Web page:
Choosing A Rental Property

Choosing a Rental Property

Where I totally spend my summer playing Cricket and Croquet.
Where I totally spend my summer playing Cricket and Croquet.

When comparing two or rental properties, it is key to look at what you can charge reliably for rent and it’s listed price. If it is 200,000$, you want at least 1% of it’s price as rent each month, so 2,000 a month. If another 200,000$ property rents for 1,500$/mo it is a worse deal. If it is 100,000$ and rents for 1,500$/mo it is a better deal than the 200,000$ property renting for 2,000$/mo.

I did some digging around on real estate listings in my city to show the things to look at making this decision. Keep in mind, in my city of Edmonton, Alberta rental prices have been hit by oil crashing so much. In turn, it is difficult to find a profitable rental property out there.

House A is 1268 sq. ft, 3 bed 3 bath and costs 299,900. This equates to a monthly mortgage payment (for a fixed five year term @2.22% and 25 yr amortization) of 1247$. Rent for a place like this ranges from around 1350 – 1400/month. Also, 1350/mo is a far cry from the ideal 1% rent to price ratio. Plus, with property tax of around 1200 a year you’ll be losing money. Not so good.

House B is much much cheaper. It’s a one bed condo on 118 ave, AKA the ghetto. However it is in Beverly which is not the worst neighborhood you could go with in Edmonton. Yes you’ll see sketchy people stealing steaks in your grocery store, but that makes for a fun story. At 58,000$ and made in 1969 it is far from nice. The best part however, is the fact you can get at least 600/month rent (basically right on the dot for 1% rent to price ratio) on 241$/month mortgage payments. Take away property tax and there’s 330$/month of buffer to absorb all the damage from your shitty tenants. And there’s just about only shit tenants that are willing to live on 118 ave. I’m sure you could find a diamond in the rough by doing some proper screening. After hours of looking at real estate listings, this is the only property out of dozens of potential ones that could possibly turn a worthwhile profit. I’m not saying do it. But on paper and not really taking the risks all that seriously, something like this is about the best bet to turn a profit. Which makes me feel sad about owning real estate here.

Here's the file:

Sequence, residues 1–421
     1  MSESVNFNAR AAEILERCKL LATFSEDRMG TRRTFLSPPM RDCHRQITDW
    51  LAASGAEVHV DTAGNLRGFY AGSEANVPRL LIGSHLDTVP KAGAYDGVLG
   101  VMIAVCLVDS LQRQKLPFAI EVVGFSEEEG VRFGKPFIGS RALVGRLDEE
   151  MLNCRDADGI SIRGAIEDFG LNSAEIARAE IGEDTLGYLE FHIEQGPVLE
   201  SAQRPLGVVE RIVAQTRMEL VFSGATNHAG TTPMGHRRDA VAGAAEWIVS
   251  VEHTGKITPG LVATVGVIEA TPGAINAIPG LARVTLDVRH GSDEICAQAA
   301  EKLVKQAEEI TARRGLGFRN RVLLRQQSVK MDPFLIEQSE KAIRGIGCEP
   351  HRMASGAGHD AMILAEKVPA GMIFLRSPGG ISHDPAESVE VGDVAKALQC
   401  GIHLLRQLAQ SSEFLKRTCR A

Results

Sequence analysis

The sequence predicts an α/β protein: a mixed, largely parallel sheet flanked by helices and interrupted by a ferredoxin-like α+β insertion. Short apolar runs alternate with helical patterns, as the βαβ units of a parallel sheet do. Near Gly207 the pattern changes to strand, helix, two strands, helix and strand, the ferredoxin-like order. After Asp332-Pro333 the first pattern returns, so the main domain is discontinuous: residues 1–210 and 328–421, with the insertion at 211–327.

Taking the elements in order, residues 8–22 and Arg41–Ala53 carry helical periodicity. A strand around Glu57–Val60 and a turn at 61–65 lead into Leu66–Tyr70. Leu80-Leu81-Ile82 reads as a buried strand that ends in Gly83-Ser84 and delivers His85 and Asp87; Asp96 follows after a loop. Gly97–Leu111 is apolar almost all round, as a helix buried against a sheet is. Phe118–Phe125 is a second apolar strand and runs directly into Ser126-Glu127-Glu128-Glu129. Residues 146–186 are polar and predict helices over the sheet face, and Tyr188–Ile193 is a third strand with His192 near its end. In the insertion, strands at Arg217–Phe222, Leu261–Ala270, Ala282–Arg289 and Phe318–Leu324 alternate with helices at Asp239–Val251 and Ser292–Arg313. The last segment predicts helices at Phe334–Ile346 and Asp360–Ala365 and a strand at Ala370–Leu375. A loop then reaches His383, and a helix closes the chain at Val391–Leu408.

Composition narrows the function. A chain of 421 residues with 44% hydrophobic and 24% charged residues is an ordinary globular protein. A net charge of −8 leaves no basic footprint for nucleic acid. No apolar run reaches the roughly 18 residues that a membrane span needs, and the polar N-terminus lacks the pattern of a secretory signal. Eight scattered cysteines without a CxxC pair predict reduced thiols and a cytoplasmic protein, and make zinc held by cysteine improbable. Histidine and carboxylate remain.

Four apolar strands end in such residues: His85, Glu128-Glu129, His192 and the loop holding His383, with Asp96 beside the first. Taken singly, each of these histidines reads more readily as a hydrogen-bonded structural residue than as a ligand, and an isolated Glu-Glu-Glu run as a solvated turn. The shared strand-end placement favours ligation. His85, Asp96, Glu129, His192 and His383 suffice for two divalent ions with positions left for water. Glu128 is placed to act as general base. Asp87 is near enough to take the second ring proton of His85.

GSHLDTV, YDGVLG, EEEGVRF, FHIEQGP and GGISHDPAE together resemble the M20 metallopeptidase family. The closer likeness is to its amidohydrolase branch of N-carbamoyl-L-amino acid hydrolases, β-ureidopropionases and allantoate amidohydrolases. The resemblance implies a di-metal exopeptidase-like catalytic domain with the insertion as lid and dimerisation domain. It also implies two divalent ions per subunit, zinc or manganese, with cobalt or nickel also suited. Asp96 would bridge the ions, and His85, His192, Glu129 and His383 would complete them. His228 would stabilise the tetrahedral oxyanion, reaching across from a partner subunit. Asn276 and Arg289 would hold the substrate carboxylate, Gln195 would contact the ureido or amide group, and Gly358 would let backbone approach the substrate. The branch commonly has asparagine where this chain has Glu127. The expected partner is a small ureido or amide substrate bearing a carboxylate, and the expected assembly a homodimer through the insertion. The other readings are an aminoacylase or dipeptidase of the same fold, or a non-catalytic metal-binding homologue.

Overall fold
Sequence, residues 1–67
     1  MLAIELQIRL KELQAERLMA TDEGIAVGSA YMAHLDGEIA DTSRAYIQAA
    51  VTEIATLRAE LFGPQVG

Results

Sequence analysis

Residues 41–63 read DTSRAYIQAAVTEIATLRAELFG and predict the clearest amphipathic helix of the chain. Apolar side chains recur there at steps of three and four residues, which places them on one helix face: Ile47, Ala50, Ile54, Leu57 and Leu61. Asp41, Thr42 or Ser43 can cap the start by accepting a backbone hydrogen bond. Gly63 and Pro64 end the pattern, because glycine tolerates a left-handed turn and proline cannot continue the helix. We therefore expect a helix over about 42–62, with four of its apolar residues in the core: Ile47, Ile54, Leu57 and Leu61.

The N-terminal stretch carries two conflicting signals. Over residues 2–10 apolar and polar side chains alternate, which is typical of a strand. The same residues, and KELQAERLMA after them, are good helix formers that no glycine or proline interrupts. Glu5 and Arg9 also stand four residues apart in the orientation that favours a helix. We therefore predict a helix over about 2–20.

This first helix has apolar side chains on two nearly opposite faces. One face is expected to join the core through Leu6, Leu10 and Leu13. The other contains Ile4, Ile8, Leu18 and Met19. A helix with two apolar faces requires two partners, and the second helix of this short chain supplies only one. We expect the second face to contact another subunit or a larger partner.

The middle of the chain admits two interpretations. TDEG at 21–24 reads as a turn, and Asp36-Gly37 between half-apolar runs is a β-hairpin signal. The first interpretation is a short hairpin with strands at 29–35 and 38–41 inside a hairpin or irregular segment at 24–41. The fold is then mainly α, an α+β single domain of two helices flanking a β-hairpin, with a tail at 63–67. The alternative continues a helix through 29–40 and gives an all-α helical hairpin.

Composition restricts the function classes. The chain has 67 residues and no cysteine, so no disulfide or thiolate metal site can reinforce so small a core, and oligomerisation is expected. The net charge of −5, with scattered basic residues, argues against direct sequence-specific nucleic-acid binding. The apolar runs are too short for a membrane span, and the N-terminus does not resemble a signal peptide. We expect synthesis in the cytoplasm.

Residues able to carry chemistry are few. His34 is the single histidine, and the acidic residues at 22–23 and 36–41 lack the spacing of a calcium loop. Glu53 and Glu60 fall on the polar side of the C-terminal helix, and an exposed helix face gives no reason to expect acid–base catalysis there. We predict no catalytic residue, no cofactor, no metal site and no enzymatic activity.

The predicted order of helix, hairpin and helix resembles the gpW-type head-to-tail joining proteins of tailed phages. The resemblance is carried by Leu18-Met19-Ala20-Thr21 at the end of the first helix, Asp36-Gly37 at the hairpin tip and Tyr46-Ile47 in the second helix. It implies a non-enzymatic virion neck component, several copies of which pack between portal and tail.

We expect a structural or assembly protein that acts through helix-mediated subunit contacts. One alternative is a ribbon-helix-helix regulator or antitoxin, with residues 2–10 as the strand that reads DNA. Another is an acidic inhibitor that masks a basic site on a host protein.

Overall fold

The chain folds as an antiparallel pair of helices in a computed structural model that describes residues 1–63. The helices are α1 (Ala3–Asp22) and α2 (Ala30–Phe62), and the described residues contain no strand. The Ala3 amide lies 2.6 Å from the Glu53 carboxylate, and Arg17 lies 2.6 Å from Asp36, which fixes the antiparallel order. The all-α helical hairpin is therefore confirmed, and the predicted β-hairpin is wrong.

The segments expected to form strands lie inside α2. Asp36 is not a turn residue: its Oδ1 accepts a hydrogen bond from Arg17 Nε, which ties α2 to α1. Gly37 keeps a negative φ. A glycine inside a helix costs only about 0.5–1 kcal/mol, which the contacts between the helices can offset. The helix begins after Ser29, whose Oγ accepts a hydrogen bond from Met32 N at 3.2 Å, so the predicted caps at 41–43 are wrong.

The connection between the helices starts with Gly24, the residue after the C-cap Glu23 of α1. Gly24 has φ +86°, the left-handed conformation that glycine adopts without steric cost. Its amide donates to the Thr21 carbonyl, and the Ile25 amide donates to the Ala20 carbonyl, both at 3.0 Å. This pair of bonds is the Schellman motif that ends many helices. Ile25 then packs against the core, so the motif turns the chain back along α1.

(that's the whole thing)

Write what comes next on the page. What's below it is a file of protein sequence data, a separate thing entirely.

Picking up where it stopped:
Thanks For Reading!



Some thoughts on Renting and Owning

Yes, owning some very tangible assets that are no doubt needed in the future is great (who doesn’t need shelter?). However, in today’s market renting and investing the difference will usually net you greater returns. Dividends on your holdings are also taxed much more favorably than rental income. If you want to own “pieces” of real estate assets without worrying about a property manager or sketchy tenants than REIT’s are a great option. REIT’s also usually offer higher yields than current rental yields (8-10% vs 4-6% after expenses).

Being a landlord is hard work, and until it offers better yields than owning REIT’s, it’s very hard to find a reason to own and rent a property out instead. Buying and selling real estate also costs a lot as I’m sure you all know. A ~10$ commission getting in and out of your REIT investment is miles better than the ~6 percent of the house value you lose on realtor commissions.

The whole REIT vs actual real estate problem comes in when you look at your ability to leverage your money. It’s much easier and incurs lower interest to take out a mortgage on a first house than going and trading REIT’s on margin. My takeaway is to re-evaluate the market every time you plan to take on an investment. Once you own a house and build some equity, you now have better options to put other people’s money at work through HELOC.

Although a little unrelated to REIT’s and Real Estate, I wanted to share my favorite book on investing, which has taught me just about all I know about value investing. The Intelligent Investor from Benjamin Graham. You can pick it up here: The Intelligent Investor: The Definitive Book on Value Investing